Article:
A vintage ET Atari videogame found at a New Mexico landfill where hundreds of the cartridges were dumped when the game bombed in the 1980s has now found a new home at the Smithsonian Institution in Washington.
Games were found earlier this year near Alamogordo, some 200 miles southeast of Albuquerque. The mystery behind who dumped the games inspired a documentary film by Microsoft Corp's Xbox Entertainment Studios.
Among black cartridges unearthed at the landfill by archaeologists were hundreds of "E.T. the Extra-Terrestrial" games, widely considered to be one of the worst video games ever made. The game flopped since it was rushed to coincide with the release of director Steven Spielberg's Oscar-winning 1982 movie, and contributed to the near-collapse of the game industry in its early years.
Three months ago, the Alamogordo City Council voted to offer some of the games for sale on eBay and on the council's own website. A few copies were kept locally as "mementoes" while others were sent to museums, according to Reuters. The Smithsonian received its copy last week.
"The Smithsonian is no hall of fame. It's our job to share the complicated technological, cultural, and social history of any innovation, including video games," one of the museum's technicians, Drew Robarge, wrote in a blog on its website.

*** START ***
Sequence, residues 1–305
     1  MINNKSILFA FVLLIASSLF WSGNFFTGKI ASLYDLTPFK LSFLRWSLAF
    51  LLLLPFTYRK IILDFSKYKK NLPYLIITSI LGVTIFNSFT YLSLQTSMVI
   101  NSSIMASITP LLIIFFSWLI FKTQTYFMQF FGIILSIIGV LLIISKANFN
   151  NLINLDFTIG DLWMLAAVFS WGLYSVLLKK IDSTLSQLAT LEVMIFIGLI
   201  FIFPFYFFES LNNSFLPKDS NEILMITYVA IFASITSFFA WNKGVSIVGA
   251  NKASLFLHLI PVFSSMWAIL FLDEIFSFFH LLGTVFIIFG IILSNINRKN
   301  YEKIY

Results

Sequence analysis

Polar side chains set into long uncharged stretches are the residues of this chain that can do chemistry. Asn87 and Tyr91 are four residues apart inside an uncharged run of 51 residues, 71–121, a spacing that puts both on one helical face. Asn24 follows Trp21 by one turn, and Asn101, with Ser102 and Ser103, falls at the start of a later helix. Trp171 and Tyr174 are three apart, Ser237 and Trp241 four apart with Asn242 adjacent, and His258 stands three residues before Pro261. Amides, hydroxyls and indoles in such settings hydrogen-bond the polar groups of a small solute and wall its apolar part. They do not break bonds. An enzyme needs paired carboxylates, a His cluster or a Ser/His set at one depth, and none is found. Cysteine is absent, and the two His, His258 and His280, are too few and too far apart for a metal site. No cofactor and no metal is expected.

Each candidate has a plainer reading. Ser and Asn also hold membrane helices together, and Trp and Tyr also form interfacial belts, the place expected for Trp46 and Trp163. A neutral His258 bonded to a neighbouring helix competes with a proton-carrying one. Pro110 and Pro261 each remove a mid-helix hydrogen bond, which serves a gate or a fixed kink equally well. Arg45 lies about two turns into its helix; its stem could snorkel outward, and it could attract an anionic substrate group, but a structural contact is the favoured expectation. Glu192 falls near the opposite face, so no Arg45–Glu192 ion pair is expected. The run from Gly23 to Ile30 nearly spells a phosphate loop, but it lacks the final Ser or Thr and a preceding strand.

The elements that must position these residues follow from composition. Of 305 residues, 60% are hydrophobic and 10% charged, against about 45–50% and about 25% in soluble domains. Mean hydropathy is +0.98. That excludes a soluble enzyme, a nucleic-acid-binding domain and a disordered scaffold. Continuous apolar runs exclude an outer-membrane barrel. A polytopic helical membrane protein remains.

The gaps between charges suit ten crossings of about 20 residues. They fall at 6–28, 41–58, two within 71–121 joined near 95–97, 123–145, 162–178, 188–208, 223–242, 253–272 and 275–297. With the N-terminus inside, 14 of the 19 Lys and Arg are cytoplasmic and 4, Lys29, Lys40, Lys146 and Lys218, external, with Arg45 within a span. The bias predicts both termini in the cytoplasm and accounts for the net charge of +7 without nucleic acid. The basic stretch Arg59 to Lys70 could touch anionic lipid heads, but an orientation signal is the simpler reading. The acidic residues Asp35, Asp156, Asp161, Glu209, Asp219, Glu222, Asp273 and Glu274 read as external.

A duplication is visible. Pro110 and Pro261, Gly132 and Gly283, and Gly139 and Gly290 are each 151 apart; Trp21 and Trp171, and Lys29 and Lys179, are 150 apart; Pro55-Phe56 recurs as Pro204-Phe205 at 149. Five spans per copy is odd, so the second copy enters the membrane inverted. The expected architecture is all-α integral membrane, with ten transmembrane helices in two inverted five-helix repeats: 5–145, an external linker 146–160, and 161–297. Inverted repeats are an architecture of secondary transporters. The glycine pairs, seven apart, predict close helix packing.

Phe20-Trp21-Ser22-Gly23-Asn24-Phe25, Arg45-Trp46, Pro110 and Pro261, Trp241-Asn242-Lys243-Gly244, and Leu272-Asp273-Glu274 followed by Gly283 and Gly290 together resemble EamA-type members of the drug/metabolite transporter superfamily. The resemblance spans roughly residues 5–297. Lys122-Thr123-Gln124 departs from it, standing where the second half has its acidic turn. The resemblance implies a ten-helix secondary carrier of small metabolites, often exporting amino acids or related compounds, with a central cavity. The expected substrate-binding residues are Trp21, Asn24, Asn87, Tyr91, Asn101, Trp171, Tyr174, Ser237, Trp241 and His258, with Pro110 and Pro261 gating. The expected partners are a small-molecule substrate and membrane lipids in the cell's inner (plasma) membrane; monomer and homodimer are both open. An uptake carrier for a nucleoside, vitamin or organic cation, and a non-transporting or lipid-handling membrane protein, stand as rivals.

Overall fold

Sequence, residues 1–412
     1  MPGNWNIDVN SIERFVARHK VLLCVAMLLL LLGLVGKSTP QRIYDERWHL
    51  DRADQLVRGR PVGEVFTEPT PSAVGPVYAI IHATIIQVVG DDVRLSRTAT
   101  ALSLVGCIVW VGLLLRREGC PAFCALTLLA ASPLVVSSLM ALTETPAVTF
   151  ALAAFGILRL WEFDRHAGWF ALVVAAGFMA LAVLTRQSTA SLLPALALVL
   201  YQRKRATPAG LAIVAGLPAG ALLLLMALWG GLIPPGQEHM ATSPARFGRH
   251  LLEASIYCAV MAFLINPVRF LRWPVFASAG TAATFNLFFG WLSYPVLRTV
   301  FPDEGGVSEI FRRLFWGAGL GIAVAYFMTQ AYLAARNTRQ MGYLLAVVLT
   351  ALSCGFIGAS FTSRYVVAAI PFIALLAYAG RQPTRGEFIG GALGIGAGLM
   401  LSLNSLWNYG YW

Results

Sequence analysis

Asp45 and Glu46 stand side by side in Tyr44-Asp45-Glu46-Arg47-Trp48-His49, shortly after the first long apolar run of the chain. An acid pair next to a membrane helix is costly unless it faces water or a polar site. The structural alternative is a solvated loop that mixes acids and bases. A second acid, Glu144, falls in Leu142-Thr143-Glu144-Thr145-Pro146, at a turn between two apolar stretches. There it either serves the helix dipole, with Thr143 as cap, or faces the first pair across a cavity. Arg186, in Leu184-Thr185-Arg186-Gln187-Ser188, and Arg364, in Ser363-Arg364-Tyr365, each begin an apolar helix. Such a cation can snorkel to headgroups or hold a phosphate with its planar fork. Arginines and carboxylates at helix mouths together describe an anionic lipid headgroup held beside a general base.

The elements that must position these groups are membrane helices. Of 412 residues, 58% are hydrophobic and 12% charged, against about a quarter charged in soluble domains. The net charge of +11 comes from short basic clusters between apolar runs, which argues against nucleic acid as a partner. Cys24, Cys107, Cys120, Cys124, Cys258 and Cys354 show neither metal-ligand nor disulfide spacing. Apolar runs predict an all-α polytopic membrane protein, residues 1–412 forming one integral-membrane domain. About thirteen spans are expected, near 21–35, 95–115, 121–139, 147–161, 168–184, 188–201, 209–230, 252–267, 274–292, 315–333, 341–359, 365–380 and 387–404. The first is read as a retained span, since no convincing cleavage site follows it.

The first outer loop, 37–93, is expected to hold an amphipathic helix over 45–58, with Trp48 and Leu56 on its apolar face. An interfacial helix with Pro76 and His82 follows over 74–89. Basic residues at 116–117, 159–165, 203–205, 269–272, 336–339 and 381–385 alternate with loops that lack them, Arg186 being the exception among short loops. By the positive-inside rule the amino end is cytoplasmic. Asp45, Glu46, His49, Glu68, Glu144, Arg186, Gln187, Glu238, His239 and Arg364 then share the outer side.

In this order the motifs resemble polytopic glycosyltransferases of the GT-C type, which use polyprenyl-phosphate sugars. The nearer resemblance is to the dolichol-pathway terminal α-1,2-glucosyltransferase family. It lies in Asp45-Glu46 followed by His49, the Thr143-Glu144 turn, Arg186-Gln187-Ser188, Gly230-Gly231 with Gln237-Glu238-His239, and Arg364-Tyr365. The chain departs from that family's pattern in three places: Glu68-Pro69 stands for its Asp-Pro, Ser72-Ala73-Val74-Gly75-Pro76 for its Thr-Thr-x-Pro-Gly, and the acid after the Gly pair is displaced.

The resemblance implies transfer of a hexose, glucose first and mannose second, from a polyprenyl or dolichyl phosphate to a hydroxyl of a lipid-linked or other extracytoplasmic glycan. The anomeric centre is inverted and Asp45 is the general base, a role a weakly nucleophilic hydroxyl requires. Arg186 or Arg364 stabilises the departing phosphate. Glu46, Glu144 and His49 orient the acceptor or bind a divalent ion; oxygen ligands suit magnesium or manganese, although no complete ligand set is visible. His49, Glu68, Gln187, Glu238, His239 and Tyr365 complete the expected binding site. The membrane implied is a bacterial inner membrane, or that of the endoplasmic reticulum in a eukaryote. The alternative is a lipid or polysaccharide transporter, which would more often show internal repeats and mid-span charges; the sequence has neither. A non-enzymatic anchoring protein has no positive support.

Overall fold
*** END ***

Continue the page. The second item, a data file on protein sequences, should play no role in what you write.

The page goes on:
"That's why I was excited when we added a copy of the E.T. the Extra-Terrestrial Atari 2600 game to our collection. (It) personifies the video game crash that took place from 1982 to 1985," he added.
The crash was an important part of the gaming industry's history since it bankrupted a number of U.S. companies, soured the video gaming experience for a lot of customers and left a huge void for Japanese competitors like Nintendo, Sony and Sega to fill.
"It wasn't until Microsoft released the Xbox in 2001 that an American company had successfully released a console with a considerable market share," Robarge said.
The Smithsonian has no plans to put the game up for display, but it will be stored in the Video History Collection.